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The day Zimbabweans found their voice

by Staff reporter
19 Nov 2017 at 09:10hrs | Views
SIRENS, music blaring from cars and people moving in groups and absorbed in animated debates brought Harare to life yesterday.

The numbers kept swelling as citizens poured onto the streets and it was clear as early as 8am that Saturday November 18 would go down in the annals of history as the day Zimbabweans finally found their voice.

It was the day Zimbabweans thronged the streets in unprecedented numbers to deliver an emphatic message to President Robert Mugabe that his time was up.

Similar marches took place in other parts of the country, but the mother of all demonstrations was in Harare.

Some came draped in the Zimbabwean flag, singing liberation war era songs.

More trucks and buses emptied people onto the streets and the revolution was well underway.

Soldiers on the streets became instant heroes as young women jostled to take "selfies" with the heavily-armed men. The crowds cheered the soldiers on.

Although it is not guaranteed that the future will be easy, for this one moment frozen in time, Zimbabweans were exhaling and breathing in the cold air. They were embracing their new lease of life, believing they are free at last from the tyranny of Mugabe's rule.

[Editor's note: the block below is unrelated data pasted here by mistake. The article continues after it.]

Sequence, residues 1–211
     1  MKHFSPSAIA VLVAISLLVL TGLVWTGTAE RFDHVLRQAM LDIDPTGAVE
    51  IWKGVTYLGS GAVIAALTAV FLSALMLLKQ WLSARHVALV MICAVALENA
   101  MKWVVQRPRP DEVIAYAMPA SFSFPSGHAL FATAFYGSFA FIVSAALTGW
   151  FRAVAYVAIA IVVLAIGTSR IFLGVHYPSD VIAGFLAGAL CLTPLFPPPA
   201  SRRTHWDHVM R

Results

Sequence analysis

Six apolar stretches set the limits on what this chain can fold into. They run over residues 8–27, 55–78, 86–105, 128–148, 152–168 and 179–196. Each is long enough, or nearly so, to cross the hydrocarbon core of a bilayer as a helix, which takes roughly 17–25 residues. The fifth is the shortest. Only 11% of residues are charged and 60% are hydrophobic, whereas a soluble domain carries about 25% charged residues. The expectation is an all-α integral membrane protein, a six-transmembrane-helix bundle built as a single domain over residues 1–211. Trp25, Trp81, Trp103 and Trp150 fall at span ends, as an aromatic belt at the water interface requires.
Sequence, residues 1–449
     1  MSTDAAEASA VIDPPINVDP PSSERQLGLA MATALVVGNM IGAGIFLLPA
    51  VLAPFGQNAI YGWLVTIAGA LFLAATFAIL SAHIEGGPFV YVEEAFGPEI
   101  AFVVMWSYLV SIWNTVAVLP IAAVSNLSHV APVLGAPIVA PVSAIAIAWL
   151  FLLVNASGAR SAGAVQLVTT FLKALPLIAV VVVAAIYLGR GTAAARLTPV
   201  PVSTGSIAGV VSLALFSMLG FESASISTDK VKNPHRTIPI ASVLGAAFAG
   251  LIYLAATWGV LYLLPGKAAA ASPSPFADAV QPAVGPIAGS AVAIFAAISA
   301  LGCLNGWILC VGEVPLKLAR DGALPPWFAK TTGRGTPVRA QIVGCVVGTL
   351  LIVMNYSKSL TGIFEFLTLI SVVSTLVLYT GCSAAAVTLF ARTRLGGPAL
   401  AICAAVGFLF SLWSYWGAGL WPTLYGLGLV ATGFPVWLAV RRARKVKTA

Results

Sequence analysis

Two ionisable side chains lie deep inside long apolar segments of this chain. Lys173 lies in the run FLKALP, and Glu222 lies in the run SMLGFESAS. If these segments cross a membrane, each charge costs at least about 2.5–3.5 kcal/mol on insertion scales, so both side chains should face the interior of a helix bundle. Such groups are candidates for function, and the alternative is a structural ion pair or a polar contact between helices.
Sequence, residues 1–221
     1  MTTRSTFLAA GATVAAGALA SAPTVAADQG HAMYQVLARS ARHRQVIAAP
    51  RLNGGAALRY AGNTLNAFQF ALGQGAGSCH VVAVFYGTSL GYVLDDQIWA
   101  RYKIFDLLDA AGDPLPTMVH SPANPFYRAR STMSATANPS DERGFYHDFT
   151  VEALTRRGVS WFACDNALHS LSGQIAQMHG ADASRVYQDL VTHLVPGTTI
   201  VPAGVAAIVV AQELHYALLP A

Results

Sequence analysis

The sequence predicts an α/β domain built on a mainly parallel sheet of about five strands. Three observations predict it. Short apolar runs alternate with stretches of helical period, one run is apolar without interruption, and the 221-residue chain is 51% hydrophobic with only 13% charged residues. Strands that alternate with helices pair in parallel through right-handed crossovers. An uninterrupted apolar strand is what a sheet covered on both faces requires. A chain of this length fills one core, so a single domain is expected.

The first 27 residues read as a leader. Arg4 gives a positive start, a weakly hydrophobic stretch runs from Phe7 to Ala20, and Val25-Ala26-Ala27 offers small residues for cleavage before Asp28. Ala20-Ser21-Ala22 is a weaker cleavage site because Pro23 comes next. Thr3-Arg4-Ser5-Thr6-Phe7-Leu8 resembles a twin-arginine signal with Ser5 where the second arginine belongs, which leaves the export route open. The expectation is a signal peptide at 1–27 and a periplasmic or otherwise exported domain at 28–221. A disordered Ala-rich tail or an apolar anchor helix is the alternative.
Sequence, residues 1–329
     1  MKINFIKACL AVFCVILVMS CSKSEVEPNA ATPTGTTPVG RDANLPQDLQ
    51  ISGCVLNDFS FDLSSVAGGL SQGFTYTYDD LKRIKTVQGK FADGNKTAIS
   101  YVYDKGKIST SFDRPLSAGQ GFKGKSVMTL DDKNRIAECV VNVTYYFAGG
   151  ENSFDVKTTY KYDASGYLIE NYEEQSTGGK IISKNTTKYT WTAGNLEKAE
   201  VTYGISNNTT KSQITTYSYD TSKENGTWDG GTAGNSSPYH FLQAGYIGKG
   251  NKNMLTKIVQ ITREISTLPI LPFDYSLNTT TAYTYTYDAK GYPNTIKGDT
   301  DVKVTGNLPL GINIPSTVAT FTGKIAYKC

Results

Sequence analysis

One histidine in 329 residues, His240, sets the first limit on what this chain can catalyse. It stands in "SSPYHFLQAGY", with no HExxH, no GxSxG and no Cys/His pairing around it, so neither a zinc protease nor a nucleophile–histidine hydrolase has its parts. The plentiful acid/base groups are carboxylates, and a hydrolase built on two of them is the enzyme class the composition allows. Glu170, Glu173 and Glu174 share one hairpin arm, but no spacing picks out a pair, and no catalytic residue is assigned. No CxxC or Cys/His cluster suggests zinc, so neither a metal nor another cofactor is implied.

Many lifted banners with messages "Mugabe must go", "Mugabe must fall", "Thank you ZDF".

"People used to get arrested for even suggesting that Mugabe must go but now we are openly telling him that he should go," said an elderly man.

Others hoisted a picture of former vice-president Emmerson Mnangagwa, who is believed to be the army's favourite to take over from Mugabe.

Thousands marched down Jason Moyo Avenue towards Joina city. A tanker with the "heroes" of the moment ambled down the road surrounded by hordes of people who openly displayed their gratitude.

The soldiers were relaxed and it was evident that they connected with the crowd.

Commuter omnibuses raced down the streets with young people hanging out with careless abandon. Roads resembled a car rally as the anticipation mood was magnified.

Most shops in the capital were closed for business and allowed their employees to go for the historic march that began at the Freedom Square and ended at State House.

Race, religion, gender all blended into one kaleidoscope of colour, and for once, many were fearless.

There were no police officers in sight but the crowd remained orderly and disciplined.

Tens of thousands of people marched to State house, a no-go area because of its tight security.

Their demand was simple "Mugabe must go". The mantra was repeated everywhere.

Foreign and local journalists mingled with the crowds, trying to capture as much of the mood as they could. No one seemed afraid to speak on camera and people jostled to say one or two words to express their joy.

"God has finally heard our prayers, we give thanks," said a vendor lifting her arms towards heaven. She had left her wares by the roadside as she joined the celebrations.

Street children joined in the fun fare too. Bare-footed, they ran along with the rest of the crowd and no one seemed to mind them.

The crowd only dispersed after the army thanked the residents for showing solidarity with them and promised that the nation would be updated on the talks with Mugabe later in the evening.


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